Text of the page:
Three Strikes: Week Nine

Strike One: LSU Wins Bullpen Battle At Arkansas

FAYETTEVILLE, Ark.—The top-10 showdown between SEC West rivals Louisiana State and Arkansas was all it was cracked up to be. Both teams have Omaha-caliber talent, and both played like CWS teams in Sunday’s rubber game, which the Tigers won 5-3 in 10 innings.

Neither team got a deep outing from its starter, as Arkansas pulled lefthander Randall Fant after Alex Bregman cranked a two-run homer in the third to put the Tigers up 3-1, and LSU yanked Cody Glenn in the fourth. The Hogs tied the game with a run in that frame, as freshman second baseman Jordan Farris followed his third-inning homer with a fourth-inning RBI single, but that was the end of the scoring until the 10th. In fact, LSU did not even record another hit after Christian Ibarra’s leadoff single in the fourth inning, until Ty Ross led off the 10th with a double into the right-center gap. Chris Sciambra followed and managed to get a good sacrifice bunt down with two strikes, and Sean McMullen followed with a go-ahead sacrifice fly to right.

“I think Ty Ross hit about 10 balls hard all weekend, and that one finally fell for him, so that was huge,” said Bregman, who went 3-for-4 Sunday after his 23-game hitting streak was snapped Saturday. “Then a really, really gutsy call with the bunt with two strikes, that was a huge play when he got that down.”

Alex Bregman

Alex Bregman (Photo by Andrew Woolley)

Bregman was eager to spread credit to all of his teammates, but he was a big part of LSU’s series win this weekend, as he has been all season. As a true freshman hitting .432/.472/.652 in the No. 3 hole, Bregman is obviously an offensive force, but he really stood out this weekend for his fantastic defense. He made plays on the run look easy, throwing from various arm slots with zip and accuracy. He made plays to his left and his right, charging forward and throwing off balance, even making a gorgeous barehanded play Friday. In short, he looked like a big league shortstop, which is particularly remarkable considering he spent the last two years—and even last summer—as a catcher.

“I’m telling you, the first day that he arrived at practice and I saw him taking ground balls, that was the thing that jumped out to me,” LSU coach Paul Mainieri said. “He’s such a student of the game, this guy practices all day long, he can’t get enough of it. Sometimes those kids can become very mechanical, but the first day I saw Bregman take ground balls, he was the opposite of that. He was very athletic, he had very fluid movements and his hands were good, and his arm is accurate and strong. Honestly, I thought from the get-go he’d be able to play shortstop . . . He just oozed leadership and oozed confidence, and I knew the stakes would not be too big for him. He’s just been phenomenal.”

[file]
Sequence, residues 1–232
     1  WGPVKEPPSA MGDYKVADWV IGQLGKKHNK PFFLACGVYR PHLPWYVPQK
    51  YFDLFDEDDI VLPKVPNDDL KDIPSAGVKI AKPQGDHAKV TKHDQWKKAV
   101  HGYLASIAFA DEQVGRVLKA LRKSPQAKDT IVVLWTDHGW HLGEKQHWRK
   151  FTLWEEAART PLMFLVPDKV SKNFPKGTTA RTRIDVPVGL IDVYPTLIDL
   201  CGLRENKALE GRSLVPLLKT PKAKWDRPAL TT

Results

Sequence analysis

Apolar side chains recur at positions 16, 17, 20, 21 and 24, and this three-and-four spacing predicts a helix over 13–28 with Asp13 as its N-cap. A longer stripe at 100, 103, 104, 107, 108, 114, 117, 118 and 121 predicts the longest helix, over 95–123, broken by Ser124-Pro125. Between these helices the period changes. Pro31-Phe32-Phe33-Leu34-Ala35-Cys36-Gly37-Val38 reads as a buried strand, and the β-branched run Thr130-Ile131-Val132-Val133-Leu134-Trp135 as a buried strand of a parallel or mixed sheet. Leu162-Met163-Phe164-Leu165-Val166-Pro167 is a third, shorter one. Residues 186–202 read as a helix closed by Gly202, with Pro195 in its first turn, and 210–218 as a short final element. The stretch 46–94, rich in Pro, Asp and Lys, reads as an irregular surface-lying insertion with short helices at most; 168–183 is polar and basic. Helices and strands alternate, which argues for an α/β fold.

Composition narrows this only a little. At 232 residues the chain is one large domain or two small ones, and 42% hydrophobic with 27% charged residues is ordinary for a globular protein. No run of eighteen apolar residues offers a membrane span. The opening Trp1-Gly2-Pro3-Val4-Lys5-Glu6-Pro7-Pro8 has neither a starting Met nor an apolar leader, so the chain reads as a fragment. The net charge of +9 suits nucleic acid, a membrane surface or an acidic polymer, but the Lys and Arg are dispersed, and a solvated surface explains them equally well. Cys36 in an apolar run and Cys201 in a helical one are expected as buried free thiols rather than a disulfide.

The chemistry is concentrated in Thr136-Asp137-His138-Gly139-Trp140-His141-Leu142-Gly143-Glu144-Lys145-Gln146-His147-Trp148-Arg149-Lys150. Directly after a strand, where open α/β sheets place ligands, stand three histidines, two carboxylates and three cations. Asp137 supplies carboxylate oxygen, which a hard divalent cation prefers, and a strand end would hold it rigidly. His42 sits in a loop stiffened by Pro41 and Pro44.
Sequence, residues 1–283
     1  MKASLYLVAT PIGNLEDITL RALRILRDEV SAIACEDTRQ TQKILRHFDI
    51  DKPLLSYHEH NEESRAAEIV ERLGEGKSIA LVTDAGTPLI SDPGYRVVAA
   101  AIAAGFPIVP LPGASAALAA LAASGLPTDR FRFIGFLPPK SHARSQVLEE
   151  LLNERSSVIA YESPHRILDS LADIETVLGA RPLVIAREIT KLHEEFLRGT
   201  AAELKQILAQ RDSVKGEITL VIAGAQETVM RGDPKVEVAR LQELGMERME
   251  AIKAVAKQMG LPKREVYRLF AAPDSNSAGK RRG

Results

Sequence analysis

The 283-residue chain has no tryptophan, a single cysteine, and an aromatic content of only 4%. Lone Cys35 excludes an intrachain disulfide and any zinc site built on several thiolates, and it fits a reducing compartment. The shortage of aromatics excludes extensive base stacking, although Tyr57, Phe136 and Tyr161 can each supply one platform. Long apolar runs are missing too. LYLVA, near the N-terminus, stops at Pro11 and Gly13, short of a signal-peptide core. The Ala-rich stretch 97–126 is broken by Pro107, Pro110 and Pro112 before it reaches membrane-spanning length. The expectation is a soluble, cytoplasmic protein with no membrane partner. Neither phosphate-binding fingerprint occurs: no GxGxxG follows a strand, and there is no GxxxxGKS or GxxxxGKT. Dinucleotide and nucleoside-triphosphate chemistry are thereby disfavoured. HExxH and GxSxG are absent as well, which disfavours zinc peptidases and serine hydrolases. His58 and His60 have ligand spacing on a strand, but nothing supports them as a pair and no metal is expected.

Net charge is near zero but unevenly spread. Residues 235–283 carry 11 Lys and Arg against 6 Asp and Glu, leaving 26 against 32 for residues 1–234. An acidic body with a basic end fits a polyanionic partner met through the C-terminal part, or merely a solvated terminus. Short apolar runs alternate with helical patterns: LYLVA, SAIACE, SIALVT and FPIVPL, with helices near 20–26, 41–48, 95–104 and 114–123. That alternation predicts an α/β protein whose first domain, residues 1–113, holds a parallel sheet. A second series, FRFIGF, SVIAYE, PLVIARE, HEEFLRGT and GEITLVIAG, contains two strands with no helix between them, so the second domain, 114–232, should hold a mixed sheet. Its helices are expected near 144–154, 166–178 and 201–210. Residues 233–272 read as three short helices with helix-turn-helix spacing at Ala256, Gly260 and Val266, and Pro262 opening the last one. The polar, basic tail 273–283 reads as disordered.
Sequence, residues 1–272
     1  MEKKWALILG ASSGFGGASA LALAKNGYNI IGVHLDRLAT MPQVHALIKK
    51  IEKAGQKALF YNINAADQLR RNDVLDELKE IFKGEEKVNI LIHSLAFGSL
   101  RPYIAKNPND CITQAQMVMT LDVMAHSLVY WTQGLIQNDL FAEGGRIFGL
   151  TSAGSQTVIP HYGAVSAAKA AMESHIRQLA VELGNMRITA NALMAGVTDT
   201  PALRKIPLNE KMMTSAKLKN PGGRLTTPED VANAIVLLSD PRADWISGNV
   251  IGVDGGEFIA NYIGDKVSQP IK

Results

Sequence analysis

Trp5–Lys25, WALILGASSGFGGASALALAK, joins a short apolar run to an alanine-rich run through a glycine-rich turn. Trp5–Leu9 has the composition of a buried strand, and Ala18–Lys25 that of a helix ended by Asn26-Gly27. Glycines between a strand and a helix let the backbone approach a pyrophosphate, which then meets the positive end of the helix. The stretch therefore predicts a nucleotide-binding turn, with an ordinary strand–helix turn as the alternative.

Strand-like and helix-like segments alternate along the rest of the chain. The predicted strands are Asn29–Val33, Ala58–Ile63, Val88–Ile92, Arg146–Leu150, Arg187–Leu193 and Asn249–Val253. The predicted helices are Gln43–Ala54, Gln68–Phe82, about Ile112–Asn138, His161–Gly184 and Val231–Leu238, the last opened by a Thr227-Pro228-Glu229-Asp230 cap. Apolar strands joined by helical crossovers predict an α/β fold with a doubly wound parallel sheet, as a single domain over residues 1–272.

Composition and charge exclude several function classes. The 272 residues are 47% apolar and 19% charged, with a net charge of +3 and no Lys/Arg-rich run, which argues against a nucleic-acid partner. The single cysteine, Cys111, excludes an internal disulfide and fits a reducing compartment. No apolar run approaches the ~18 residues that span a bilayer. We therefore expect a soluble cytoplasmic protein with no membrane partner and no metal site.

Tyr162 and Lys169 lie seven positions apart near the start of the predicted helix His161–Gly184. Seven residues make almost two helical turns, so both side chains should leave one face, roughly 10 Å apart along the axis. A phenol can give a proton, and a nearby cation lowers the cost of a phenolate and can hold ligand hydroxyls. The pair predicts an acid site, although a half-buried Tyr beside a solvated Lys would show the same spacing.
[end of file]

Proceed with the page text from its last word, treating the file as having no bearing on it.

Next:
The same can be said of LSU closer Chris Cotton, who worked two scoreless innings Sunday to earn the win, retiring six of the seven batters he faced. Cotton is now 2-0, 1.17 with eight saves and a 28-1 strikeout-walk mark in 23 innings. He simply carved up the Hogs by mixing his 84-88 fastball, his 1-to-7 curveball and his excellent 75-77 changeup, which he considers his best pitch.

“I was just trying to throw strikes and get ahead—that’s key,” Cotton said. “I don’t throw the hardest, but I’m able to locate and switch speeds, and that’s what I did today. They were able to be off-balance, pop-up, ground out, and we got the job done today.”

Cotton’s style was a marked contrast from Arkansas’ closer, first-team preseason All-American righthander Colby Suggs, who worked at 94-98 and threw his slider (85-86) about as hard as Cotton threw his fastball. But Bregman and Raph Rhymes both squared up Suggs fastballs in the 10th, leading to an insurance run for the Tigers (a rally that began with what looked like a blown call that resulted in an infield single for Mark Laird and the ejection of Hogs coach Dave Van Horn).

Arkansas certainly impressed with the parade of quality arms it rolled out after Fant exited. Between sinkerballer Brandon Moore, quality lefties Trent Daniel and Jalen Beeks (who both own good sliders in the low 80s), and flame-throwers Suggs and Chris Oliver (who was 94-97 with a power slider at 85-86), the Razorbacks have an absurdly deep bullpen—and that’s not to mention Trey Killian or Tyler Wright, who both pitched well Friday. It’s no wonder they decided they could afford to move erstwhile closer Barrett Astin into the rotation.

“I’ve been in this game a long time, and I haven’t seen a crop of arms like Arkansas throws at you,” Mainieri said. “He’s mixing and matching and going situations starting from the third or fourth inning on, and every guy he brought in was outstanding. They do a great job developing their guys and then pitching them. So it was a challenge.”

But it was a challenge LSU was eager to tackle. The Tigers have proven that they have plenty of pitching depth, too. Nick Rumbelow showed good stuff Sunday for the second straight day, reaching 94 with his fastball, and LSU got a combined three innings of hitless relief from lefty Brent Bonvillain and righty Joey Bourgeois before Cotton took over. Bourgeois also has a good arm, with a fastball that reached 91 and a big, slow curveball that he uses to keep hitters off balance.